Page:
Since the beginning of the coronavirus pandemic in the UK, Dr Alex George has been working on the NHS frontline. At the moment, along with campaigning and talking about the crisis on TV, the former Love Islander is working 2-3 ten hour shifts a week at Lewisham Hospital's A&E department. And with a mounting number of infections - 1,449 people died yesterday - Alex, 30, has witnessed the impact on the NHS firsthand.
‘The daily deaths are very scary,’ Alex tells Grazia. ‘[There’s] a huge number of patients coming to the A&E department, it just puts so much pressure on us. It’s really hard as well, because obviously staff are feeling fatigue. Doctors and nurses are off sick, either with Covid, or long Covid, or with burnout - so it’s been pretty tough.’
‘[When we did] the first round, there was a lot of adrenalin and a huge amount of public support. You forced yourself mentally to get through, but it’s hard now, because we've all been so tired for such a long time,’ Alex adds. ‘We're fed up, just like the public is. We just want the back of it. And it’s relentless - I think what's difficult is the emotional toll of it, each patient who is sick requires a really high level of care.’
Coronavirus has completely transformed how hospital staff work, and the doctor says the biggest challenge has been a lack of contact when things take a turn for the worse. ‘I think the most difficult thing has been end of life care,’ Alex adds. ‘If someone was dying with us in A&E, we would arrange for families to come in as much as physically possible.’ Now, we all know this sadly can't be the case. ‘It’s really hard because you feel like a bad cop a lot of the time,’ he says. ‘And we're not used to being like that, we want to help and be caring, and that is really, really tough. PPE undoubtedly takes away a lot of our social interactions, like squeezing the hand, and the sort of stuff we'd usually do to support someone - it’s just not the same.’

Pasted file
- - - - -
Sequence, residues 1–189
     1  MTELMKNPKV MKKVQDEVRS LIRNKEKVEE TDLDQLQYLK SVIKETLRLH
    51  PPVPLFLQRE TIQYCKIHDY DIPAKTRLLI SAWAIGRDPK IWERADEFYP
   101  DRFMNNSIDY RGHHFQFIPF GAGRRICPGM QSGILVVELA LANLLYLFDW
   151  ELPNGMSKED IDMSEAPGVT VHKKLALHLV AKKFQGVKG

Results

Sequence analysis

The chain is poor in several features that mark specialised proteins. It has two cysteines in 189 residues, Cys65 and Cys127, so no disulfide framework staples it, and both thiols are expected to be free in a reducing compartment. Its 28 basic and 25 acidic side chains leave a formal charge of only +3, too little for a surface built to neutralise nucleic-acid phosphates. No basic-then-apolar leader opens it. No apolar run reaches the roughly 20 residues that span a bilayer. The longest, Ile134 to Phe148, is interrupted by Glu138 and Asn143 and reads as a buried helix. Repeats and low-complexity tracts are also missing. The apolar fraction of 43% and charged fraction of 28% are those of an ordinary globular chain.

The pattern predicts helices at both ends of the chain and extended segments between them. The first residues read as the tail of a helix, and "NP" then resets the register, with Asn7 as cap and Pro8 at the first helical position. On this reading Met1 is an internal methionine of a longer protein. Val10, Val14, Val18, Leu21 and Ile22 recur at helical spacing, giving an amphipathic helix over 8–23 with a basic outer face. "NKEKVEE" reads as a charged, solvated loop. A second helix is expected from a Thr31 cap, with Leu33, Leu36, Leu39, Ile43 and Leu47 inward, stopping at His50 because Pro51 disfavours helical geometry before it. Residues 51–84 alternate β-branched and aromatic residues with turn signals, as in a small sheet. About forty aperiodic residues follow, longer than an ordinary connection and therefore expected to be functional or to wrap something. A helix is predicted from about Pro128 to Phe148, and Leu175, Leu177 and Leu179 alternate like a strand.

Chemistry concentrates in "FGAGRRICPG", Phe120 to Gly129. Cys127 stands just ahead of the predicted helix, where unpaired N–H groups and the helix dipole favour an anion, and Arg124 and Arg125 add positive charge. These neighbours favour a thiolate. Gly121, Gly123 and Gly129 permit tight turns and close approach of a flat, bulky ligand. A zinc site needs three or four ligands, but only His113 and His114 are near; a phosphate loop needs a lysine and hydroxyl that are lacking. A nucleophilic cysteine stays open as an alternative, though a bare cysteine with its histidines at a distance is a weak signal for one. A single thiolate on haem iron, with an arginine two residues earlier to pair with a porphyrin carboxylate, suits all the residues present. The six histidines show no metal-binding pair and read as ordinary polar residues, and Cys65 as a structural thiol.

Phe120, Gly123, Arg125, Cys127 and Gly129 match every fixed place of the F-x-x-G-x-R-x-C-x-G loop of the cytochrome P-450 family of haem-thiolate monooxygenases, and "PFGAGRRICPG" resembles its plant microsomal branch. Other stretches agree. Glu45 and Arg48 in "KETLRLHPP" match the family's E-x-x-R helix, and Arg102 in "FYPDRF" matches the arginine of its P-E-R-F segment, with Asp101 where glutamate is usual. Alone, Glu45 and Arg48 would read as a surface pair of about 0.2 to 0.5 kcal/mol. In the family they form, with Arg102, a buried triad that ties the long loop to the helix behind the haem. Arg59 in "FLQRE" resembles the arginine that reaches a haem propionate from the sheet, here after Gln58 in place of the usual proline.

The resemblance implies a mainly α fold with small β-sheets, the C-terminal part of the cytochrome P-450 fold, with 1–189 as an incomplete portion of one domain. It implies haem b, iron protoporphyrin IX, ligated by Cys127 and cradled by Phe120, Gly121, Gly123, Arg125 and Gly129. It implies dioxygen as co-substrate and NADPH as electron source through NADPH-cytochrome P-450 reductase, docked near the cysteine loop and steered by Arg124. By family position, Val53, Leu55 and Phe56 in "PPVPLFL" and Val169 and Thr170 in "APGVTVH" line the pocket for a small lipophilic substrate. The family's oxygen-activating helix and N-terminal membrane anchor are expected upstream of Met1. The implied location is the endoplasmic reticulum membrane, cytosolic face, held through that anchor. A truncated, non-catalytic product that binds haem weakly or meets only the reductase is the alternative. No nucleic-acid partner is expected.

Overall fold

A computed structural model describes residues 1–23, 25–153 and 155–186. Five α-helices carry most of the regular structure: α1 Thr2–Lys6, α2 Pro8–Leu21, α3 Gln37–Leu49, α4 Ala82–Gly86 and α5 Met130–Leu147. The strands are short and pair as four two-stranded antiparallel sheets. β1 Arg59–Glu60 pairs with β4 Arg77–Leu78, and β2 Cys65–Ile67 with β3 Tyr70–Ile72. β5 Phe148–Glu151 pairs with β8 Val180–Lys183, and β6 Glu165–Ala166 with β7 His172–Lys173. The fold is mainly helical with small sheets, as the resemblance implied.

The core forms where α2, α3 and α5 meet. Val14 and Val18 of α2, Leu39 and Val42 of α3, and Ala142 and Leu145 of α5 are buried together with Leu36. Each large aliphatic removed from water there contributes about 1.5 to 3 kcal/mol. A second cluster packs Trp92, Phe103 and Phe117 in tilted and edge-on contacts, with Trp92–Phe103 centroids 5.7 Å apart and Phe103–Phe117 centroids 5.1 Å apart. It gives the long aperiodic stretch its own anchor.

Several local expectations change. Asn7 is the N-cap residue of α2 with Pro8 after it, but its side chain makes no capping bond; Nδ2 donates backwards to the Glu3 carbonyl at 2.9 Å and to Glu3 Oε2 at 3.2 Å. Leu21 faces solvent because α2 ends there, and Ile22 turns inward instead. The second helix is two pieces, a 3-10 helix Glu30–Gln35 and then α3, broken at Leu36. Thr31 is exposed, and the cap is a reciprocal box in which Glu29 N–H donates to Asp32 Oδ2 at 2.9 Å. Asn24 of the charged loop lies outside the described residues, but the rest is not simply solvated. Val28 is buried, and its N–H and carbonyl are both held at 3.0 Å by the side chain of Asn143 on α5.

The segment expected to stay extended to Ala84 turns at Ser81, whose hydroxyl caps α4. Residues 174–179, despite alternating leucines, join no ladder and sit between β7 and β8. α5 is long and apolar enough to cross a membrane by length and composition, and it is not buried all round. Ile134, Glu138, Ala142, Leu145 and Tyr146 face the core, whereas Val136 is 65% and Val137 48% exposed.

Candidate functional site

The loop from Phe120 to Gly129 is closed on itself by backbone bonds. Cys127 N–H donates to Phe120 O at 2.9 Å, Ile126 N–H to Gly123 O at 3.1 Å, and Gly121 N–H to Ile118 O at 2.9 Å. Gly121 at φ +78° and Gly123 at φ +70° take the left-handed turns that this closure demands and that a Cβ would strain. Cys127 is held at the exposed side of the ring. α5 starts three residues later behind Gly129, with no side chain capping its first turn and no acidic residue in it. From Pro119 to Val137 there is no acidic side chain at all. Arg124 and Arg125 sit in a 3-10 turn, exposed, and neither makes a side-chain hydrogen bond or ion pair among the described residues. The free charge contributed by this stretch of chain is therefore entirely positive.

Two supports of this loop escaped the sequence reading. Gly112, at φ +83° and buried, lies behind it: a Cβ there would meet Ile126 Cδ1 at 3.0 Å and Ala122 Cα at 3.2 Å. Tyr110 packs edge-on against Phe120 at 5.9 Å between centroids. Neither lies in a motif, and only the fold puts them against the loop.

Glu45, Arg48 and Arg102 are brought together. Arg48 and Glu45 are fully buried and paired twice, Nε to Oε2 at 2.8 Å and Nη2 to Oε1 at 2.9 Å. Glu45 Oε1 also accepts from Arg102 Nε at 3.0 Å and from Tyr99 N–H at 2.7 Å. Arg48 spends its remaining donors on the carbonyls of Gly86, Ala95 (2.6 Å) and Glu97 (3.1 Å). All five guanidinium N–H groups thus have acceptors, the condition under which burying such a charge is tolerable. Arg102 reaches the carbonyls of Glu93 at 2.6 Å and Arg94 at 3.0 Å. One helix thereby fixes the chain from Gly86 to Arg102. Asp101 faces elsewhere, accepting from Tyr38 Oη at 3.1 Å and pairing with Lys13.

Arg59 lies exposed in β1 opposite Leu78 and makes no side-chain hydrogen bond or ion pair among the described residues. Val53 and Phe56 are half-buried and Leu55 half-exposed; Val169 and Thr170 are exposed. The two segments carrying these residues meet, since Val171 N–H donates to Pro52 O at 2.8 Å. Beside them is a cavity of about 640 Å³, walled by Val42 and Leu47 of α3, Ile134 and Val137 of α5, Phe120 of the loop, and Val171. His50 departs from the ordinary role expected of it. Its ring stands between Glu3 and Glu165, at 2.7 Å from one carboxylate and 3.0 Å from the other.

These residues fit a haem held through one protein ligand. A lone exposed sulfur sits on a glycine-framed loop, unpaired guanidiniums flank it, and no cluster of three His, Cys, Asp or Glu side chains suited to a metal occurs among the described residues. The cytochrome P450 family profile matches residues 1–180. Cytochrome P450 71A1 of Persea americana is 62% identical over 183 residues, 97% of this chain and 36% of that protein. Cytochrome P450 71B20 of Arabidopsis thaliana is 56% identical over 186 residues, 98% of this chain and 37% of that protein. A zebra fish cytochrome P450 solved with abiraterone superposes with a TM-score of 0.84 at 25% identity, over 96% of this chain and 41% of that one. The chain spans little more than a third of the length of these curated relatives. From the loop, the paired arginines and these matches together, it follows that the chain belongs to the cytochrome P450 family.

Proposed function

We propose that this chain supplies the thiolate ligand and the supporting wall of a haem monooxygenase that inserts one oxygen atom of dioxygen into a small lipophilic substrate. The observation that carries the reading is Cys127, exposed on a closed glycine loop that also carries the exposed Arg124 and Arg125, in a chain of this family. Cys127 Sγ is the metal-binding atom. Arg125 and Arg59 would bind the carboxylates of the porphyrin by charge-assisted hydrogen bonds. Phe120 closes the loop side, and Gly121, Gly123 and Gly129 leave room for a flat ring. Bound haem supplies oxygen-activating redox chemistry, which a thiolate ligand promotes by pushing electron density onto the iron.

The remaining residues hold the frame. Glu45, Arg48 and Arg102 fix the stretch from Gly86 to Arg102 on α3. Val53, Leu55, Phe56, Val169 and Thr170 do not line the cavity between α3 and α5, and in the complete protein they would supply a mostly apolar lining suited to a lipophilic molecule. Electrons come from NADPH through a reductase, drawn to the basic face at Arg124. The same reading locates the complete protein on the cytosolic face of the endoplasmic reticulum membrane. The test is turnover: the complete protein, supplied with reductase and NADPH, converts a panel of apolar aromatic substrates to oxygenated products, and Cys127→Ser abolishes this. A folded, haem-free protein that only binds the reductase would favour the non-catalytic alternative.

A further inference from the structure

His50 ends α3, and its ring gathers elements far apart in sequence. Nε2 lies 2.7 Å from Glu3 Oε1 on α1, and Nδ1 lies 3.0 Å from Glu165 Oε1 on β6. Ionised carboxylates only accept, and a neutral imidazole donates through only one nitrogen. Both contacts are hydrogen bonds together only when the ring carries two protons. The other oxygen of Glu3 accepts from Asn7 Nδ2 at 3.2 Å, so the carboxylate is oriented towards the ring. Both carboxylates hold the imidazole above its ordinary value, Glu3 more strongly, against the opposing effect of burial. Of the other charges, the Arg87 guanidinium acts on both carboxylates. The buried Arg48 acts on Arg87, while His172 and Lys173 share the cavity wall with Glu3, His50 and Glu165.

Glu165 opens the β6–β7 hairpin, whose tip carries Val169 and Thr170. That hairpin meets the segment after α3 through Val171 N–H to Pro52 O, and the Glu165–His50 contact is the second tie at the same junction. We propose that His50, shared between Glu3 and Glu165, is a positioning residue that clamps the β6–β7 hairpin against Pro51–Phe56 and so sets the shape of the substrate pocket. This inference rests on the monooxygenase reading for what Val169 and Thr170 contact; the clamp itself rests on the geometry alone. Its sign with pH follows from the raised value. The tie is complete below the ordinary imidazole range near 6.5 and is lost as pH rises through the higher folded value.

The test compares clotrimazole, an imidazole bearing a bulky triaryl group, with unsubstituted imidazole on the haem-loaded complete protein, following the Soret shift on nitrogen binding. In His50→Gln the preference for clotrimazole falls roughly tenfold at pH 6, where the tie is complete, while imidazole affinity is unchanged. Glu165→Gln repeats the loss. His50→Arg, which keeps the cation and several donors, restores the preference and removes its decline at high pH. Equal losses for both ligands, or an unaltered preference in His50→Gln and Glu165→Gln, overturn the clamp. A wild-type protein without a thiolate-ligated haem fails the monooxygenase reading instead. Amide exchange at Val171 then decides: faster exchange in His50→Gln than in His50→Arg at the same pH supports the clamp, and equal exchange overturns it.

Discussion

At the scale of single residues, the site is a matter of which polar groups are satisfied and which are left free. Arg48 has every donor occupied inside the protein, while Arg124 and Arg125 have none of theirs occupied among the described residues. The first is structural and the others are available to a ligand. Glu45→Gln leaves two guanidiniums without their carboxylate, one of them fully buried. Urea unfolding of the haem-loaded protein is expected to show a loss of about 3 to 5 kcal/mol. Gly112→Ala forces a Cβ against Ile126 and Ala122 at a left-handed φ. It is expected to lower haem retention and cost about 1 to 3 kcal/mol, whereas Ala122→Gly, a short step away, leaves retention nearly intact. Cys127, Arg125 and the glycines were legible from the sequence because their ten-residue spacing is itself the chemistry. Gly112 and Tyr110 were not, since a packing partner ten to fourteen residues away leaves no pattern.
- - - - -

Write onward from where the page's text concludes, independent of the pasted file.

While the doctor is cautious of lockdown three restrictions being lifted too early - ‘as Prof. Chris Whitty said in the briefing the other day, there is no flex in the system, the NHS cannot cope with any more strain’ - Alex says there is a light at the end of the tunnel thanks to the vaccine rollout. ‘We just need that vaccination rollout absolutely ramped up, 24/7 around the clock,' he adds.
One of the things Alex is most passionate about is advocating for better mental health awareness and structures in schools. Alex spoke to Grazia last month, but since, he has been appointed young mental health ambassador by the government. It’s a cause close to his heart, as his younger brother Llŷr tragically lost his life last year, at the age of 19, following a battle with mental health. ‘I think everyone can say that this year has affected their mental health that we've all been put under strain,’ Alex says.
‘But I think, as adults, we are able to cope with things much better than children. Children don't have the same coping mechanisms, or the understanding necessarily, to be able to deal with some situations,’ he adds, 'so they need support more than ever. And if you look at mental health, in children and young adolescents, we were facing a crisis before the pandemic. Rates of suicide are on the rise - anxiety, depression and eating disorders are all on the rise - so it was time we did something anyway.'
As part of his campaign, Alex wants mental health to stand on the curriculum alongside core subjects, along with better training and mental health care for teachers, and a mental health counselor at every school. ‘I want to make sure the government follows their promise of putting a mental health lead in every school in England, which they are nowhere near doing at the moment,’ he says. ‘Two years ago, they made a green paper which said every school in England would have a mental health lead [but at the government's] current rate, we won't hit 25% of that target until 2023, which is ridiculous. We're miles off, so we want them to stick to what they're already saying.’
You can listen to Dr Alex's podcast, The Waiting Room, here